When we think of dangerous sports, we often think of activities that produce the most injuries: football, hockey, basketball, etc. These so-called ‘dangerous’ sports are usually contact sports, or they are sports that demand a high level of energy combined with a high level of movement. However, there are risks involved in every sport, and that means every athlete needs to be aware of best practices and injury prevention techniques. With the onset of winter around the corner, it is especially important for athletes who will still be active in the cold weather to be prepared for, and know how to treat, potential injuries.
Runners are amongst those athletes that practice their sport year-round, and some runners (myself include) actually prefer to train in the cold weather, thus putting our bodies to the ultimate test as we push ourselves to excel in spite of freezing temperatures. For any athlete who will be exposed to winter weather during training over the next few months, there are a few important things to keep in mind that will help prevent injuries.
- Wear Layers
This one may seem obvious, but it’s extremely important. If you’re mindful about your layering, then you’ll be able to run in any type of temperature. The best practice is to start with a tighter, moisture wicking layer so you won’t have any sweat or moisture sticking to your skin, making you more comfortable and less at-risk for hypothermia. Your second and third layers should be chosen on a case by case basis. If the temperature isn’t too low, and the wind isn’t too strong, layering a thin, but insulated running jacket or pullover on top is ideal. This will provide you with mobility and protection without being too bulky. However, it’s always best to over-layer; you can easily strip layers off during a run, but it’s much harder to warm yourself up if you haven’t prepared correctly.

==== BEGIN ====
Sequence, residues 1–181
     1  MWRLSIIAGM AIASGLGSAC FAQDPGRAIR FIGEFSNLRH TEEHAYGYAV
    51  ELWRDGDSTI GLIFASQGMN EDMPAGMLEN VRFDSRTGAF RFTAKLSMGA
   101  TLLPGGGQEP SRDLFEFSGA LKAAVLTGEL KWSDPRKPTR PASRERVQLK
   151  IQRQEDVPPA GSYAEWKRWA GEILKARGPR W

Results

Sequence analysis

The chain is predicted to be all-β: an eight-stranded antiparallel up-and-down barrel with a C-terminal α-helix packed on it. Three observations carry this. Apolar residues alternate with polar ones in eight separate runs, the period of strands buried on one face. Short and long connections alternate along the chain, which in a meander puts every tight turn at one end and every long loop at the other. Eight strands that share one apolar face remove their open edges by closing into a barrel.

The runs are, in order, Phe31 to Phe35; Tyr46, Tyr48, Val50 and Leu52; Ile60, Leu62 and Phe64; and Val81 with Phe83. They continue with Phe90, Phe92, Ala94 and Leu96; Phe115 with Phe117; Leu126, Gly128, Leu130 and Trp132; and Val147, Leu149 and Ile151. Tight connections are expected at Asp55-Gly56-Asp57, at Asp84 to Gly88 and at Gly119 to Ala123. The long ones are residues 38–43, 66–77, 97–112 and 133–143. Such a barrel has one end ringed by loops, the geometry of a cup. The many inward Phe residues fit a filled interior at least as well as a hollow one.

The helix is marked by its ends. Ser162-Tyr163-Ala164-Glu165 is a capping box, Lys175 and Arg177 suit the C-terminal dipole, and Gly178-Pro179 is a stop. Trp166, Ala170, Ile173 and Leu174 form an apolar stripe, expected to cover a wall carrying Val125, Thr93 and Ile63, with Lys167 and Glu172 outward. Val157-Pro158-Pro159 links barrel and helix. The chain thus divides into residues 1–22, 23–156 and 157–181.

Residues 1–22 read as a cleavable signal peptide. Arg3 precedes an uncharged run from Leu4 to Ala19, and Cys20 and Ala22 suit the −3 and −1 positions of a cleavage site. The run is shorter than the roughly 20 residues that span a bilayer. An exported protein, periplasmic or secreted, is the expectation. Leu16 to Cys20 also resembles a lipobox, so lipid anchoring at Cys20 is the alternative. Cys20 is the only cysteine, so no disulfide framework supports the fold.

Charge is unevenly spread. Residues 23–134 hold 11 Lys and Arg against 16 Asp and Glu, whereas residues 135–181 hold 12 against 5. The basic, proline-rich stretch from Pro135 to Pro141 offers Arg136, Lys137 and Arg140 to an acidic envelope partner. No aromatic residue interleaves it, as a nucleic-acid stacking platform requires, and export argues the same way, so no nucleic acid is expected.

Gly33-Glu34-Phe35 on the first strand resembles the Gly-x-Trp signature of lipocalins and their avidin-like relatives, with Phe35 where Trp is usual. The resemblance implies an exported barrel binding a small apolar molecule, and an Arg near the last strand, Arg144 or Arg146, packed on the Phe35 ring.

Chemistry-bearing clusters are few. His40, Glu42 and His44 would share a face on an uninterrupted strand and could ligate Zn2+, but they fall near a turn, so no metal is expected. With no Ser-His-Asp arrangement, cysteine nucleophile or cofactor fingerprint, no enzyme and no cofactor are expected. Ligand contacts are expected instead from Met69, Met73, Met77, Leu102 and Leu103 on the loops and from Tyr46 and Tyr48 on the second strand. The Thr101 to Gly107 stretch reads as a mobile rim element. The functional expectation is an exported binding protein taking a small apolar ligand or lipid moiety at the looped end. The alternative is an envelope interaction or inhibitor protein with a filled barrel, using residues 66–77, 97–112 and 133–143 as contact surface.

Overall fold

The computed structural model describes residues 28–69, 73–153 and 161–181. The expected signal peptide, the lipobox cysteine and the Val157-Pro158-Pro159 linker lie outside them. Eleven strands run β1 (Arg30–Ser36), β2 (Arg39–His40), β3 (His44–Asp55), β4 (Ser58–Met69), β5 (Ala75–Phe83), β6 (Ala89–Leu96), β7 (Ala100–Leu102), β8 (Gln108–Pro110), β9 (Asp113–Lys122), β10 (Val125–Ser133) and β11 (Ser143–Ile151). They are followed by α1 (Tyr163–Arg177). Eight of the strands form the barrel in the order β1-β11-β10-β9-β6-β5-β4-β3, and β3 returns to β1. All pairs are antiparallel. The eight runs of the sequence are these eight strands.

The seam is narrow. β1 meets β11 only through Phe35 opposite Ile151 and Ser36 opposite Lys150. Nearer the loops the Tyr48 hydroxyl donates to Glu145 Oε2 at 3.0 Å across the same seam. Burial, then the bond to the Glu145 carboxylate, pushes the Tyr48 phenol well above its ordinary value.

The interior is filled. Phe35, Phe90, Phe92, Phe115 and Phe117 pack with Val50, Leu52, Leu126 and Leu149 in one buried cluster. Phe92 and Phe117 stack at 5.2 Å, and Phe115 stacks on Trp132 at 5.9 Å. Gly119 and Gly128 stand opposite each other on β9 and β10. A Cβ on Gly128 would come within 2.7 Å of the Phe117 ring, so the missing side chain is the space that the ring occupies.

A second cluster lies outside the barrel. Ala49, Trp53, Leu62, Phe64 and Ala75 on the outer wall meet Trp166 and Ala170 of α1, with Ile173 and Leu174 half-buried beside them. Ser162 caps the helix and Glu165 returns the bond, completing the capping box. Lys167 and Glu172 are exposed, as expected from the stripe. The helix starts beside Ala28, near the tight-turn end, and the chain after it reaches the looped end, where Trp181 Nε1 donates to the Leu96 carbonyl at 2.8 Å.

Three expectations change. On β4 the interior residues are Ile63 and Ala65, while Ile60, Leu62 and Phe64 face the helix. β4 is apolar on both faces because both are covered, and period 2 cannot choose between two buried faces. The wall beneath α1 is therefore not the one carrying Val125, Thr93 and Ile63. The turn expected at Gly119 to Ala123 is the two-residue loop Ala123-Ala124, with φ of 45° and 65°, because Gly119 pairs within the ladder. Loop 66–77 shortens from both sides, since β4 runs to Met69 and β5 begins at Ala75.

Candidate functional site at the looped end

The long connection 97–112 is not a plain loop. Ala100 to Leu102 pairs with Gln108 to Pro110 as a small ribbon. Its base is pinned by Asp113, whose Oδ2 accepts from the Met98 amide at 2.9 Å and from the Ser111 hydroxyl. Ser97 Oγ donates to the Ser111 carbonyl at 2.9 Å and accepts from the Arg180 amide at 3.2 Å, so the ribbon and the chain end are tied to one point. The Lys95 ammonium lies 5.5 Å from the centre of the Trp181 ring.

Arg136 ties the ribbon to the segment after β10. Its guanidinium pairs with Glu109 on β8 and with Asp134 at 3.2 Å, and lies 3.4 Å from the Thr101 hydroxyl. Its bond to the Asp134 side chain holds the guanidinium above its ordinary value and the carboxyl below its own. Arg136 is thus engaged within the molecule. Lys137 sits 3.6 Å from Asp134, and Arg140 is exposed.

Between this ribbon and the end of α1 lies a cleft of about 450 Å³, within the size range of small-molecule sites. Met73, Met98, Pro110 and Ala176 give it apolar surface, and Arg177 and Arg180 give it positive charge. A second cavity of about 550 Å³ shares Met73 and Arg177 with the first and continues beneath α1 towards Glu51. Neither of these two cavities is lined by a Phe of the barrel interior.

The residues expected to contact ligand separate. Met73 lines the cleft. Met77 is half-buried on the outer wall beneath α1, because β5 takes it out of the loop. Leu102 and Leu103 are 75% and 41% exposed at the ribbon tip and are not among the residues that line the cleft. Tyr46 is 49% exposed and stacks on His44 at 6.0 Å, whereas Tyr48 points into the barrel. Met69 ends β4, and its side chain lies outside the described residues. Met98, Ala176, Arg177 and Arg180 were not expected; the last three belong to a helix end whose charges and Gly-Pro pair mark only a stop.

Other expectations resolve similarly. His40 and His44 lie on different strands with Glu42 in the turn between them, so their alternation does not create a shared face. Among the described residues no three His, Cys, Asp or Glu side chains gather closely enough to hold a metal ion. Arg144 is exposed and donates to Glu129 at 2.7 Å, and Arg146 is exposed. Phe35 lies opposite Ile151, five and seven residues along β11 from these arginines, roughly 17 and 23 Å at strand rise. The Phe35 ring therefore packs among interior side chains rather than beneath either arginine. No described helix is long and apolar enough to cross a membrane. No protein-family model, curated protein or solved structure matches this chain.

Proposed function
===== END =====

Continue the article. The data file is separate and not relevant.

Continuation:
- Don’t neglect your hands, feet and head
When I was little, my mom would scream at me if I left the house during winter without a hat. At the time, I was annoyed and worried about my hair getting messed up; however, nowadays when I go for a run in the winter, I always wear a hat. It is common knowledge that we lose much of our heat through the top of our head, but wearing a thin running beanie is an easy way to preserve your body heat. Plus, there are all kinds of cool running hats on the market right now. Some have built-in Bluetooth headphones, while others have sun-visors to block out that harsh winter sun.
Wearing proper gloves and socks is important, too. Exposing your hands and fingers to extremely cold temperatures during a long run could be very harmful, and you also need to make sure your toes and feet are getting the proper amount of circulation. Stocking up on socks and gloves designed specifically for running in cold weather is a good way to make sure you’re never caught on a run with frozen fingers or toes.
- Stay hydrated
Staying hydrating during a winter run can sometimes become an afterthought for athletes. Training in freezing temperatures feels much different than training under the blaring summer sun, but that doesn’t mean that your body doesn’t need just as much hydration during the winter. You are still sweating and losing electrolytes during winter training, so be sure to consistently rehydrate. A great way to keep hydration close at hand is with a running belt. These belts are designed to fit small bottles around your waist which you can easily grab during a run. Fill these with water and any other sports drink of your preference, and use them regularly during your winter training!
Being prepared during winter training is very important, but it is just as important to take care of your body before and after your cold weather activities. Check out Anjuna Medicine’s article, “Acupuncture and Massage for Cold Weather Sports Injuries” for more information on how acupuncture and massage therapy treatments can help prevent and heal specific injuries athlete’s encounter during winter.